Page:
Having stumbled his way through four previous instalments of this popular pirate franchise, Johnny Depp‘s attempt to resurrect the character that made him a global superstar – as well as reignite his own floundering career – feel like a desperate last hurrah.
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Henry Turner (Brenton Thwaites) is desperate to lift the curse on his father (Orlando Bloom), whom we previously saw onboard The Flying Dutchman. Vowing to sail the seas in search of the Trident of Poseidon (an artefact that can break all curses), Henry teams up with Carina (Kaya Scodelario) an amateur astronomer who holds the key to a map that leads the way to the trident.
Jack Sparrow (Johnny Depp), meanwhile, has problems of his own. His crew has abandoned him, his beloved ship the Black Pearl is still stuck in a miniature bottle and to top it all, a Spanish ghost captain (Javier Bardem) is intent on killing one of the last pirates that has escaped him.
As well as a host of familiar faces on board for the ride, we also have a trio of likeable newcomers. Thwaites (Son of a Gun) and Scodelario (The Maze Runner) easily step into the roles vacated by Keira Knightley and Orlando Bloom from the original trilogy of movies.
The youngsters are left to do the majority of the running about and romance, which is something of a good thing as Johnny Depp looks like he is about to collapse in every scene. The actor looks a shadow of his former self and even under the masses of make-up this role allows him to hide behind, he looks worn out.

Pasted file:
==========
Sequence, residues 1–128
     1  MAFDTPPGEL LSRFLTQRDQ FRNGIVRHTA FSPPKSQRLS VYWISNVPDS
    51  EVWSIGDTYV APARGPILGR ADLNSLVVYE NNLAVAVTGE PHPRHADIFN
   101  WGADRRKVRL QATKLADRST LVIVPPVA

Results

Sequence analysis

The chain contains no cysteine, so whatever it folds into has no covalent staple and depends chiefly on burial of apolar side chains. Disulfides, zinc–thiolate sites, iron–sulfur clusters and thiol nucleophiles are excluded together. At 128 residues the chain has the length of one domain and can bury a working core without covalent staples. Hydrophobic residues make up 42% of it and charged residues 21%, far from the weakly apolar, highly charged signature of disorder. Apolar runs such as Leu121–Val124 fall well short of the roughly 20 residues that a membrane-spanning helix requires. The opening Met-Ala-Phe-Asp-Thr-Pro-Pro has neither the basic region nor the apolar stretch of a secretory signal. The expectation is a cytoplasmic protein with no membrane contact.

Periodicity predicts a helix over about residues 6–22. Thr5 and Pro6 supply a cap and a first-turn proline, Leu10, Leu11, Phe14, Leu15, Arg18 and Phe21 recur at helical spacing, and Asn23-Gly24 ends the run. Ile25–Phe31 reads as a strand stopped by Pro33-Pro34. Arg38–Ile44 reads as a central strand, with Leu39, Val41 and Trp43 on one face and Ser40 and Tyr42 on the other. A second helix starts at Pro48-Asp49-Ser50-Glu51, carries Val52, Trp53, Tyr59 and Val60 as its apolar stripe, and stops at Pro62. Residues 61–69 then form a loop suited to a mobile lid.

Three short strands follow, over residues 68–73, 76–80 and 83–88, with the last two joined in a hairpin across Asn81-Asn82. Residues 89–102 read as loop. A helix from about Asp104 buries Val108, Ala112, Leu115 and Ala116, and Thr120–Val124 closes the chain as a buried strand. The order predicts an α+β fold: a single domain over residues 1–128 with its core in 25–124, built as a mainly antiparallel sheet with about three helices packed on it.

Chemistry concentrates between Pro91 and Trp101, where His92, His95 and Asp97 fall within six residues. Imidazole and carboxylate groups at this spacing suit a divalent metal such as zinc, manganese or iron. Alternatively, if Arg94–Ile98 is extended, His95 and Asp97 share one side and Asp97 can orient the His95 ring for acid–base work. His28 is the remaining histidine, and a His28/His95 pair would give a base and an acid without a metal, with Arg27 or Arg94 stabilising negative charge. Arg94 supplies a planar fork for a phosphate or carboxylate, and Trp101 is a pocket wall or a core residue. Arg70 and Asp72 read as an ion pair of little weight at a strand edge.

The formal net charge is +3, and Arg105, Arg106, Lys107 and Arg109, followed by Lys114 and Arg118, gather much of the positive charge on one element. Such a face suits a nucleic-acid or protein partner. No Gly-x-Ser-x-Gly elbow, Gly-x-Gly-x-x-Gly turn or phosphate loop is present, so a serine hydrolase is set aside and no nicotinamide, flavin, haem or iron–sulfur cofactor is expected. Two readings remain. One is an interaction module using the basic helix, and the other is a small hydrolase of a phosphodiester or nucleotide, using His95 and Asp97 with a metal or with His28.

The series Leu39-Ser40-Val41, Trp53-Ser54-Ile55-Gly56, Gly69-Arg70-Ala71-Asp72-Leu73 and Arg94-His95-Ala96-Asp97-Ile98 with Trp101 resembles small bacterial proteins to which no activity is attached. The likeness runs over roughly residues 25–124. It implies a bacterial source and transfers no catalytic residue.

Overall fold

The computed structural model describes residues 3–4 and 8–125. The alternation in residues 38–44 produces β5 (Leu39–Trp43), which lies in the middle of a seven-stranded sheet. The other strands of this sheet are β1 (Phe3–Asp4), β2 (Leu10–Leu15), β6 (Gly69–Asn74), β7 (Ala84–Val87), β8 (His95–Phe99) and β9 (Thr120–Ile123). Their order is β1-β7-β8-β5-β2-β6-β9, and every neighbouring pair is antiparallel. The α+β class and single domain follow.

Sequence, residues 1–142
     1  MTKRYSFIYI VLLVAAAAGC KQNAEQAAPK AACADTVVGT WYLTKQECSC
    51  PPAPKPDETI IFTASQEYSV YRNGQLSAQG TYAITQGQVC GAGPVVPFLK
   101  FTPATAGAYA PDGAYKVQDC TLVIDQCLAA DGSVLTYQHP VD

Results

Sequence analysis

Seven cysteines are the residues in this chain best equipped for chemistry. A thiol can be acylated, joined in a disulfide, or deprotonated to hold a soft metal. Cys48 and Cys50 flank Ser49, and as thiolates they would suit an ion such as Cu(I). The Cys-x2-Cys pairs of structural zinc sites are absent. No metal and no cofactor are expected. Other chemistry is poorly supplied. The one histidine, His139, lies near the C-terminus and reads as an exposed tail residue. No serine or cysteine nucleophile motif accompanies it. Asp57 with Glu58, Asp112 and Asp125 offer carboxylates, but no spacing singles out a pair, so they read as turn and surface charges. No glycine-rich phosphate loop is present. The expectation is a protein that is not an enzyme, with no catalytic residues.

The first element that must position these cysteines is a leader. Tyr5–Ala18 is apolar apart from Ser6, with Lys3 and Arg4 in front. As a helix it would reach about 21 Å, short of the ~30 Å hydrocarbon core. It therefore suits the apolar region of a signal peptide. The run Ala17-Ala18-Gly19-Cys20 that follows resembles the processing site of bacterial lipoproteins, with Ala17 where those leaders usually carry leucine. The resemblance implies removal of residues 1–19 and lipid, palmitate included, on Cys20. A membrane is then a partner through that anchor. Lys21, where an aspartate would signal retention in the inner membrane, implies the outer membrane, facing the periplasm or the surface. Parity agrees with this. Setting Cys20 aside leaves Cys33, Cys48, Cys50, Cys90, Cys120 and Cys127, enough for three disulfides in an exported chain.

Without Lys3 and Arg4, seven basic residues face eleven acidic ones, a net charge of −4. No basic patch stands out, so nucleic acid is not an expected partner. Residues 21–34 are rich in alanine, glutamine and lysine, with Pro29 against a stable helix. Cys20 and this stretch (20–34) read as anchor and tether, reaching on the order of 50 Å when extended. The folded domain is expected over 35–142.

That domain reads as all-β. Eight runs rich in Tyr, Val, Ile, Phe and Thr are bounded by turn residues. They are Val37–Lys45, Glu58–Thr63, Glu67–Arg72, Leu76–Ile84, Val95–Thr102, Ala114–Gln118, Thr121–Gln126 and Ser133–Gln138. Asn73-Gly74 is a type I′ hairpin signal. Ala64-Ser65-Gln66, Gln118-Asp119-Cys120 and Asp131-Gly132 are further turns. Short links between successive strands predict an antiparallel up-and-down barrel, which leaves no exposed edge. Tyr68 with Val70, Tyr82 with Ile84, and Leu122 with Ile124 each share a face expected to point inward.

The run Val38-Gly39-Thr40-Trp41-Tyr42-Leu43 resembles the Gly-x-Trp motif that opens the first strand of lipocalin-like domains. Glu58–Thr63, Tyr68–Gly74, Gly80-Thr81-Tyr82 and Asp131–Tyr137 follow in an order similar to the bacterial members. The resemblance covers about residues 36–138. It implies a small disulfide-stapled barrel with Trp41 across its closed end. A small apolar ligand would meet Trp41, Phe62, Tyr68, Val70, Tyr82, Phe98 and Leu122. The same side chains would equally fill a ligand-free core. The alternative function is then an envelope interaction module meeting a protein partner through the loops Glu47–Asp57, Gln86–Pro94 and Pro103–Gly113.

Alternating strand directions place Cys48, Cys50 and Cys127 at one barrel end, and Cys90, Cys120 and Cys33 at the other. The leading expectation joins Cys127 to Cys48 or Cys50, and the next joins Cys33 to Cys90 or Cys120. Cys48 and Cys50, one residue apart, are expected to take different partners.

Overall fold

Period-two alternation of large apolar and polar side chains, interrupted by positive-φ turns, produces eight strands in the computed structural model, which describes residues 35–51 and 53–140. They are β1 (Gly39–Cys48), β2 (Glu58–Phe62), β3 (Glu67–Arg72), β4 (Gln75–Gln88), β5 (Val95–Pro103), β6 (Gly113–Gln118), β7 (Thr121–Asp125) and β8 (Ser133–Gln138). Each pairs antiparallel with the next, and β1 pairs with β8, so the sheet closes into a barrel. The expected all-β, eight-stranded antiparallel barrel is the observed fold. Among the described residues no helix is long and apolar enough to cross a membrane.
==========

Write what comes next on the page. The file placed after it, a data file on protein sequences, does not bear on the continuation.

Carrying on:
The fourth film in the Pirates of the Caribbean series felt like an anomaly. It raised more questions than it answered and left loose ends still hanging. To its credit, Salazar’s Revenge (or Dead Men Tell No Tales as it is known in America) feels closer to the story. It’s self-contained, which if taken on its own merits is not bad at all. If, however, you think back to the other films in the franchise, you do begin to struggle following the narrative thread from one sequel from the other.
The Curse of the Black Pearl (the first film) remains the highlight thanks to its lean set-up and fresh approach. The follow-ups feel bloated in comparison, and one major flaw is the consistent use of spooky sailors as rivals for Sparrow. Just which one was Blackbeard and which one was Davy Jones?
Javier Bardem meanders through the film, mumbling something or other about wanting revenge on Jack Sparrow for some perceived slight from decades before. There is more fun to be had with Henry and Carina, the latter of whom in particular is a fun, feisty and fresh addition to the series.
Adding to the sense of resolution is the arc given to Captain Barbossa (Geoffrey Rush). Depp gets to spar with his old partner once more, but apart from that he merely ghosts through the film in cruise control.
Pirates of the Caribbean: Salazar’s Revenge is a decent summer blockbuster that will gain even more credence in the future if it remains the final instalment of the series. Please Johnny, leave it well alone now.
Pirates of the Caribbean: Salazar’s Revenge is released in the UK on May 25.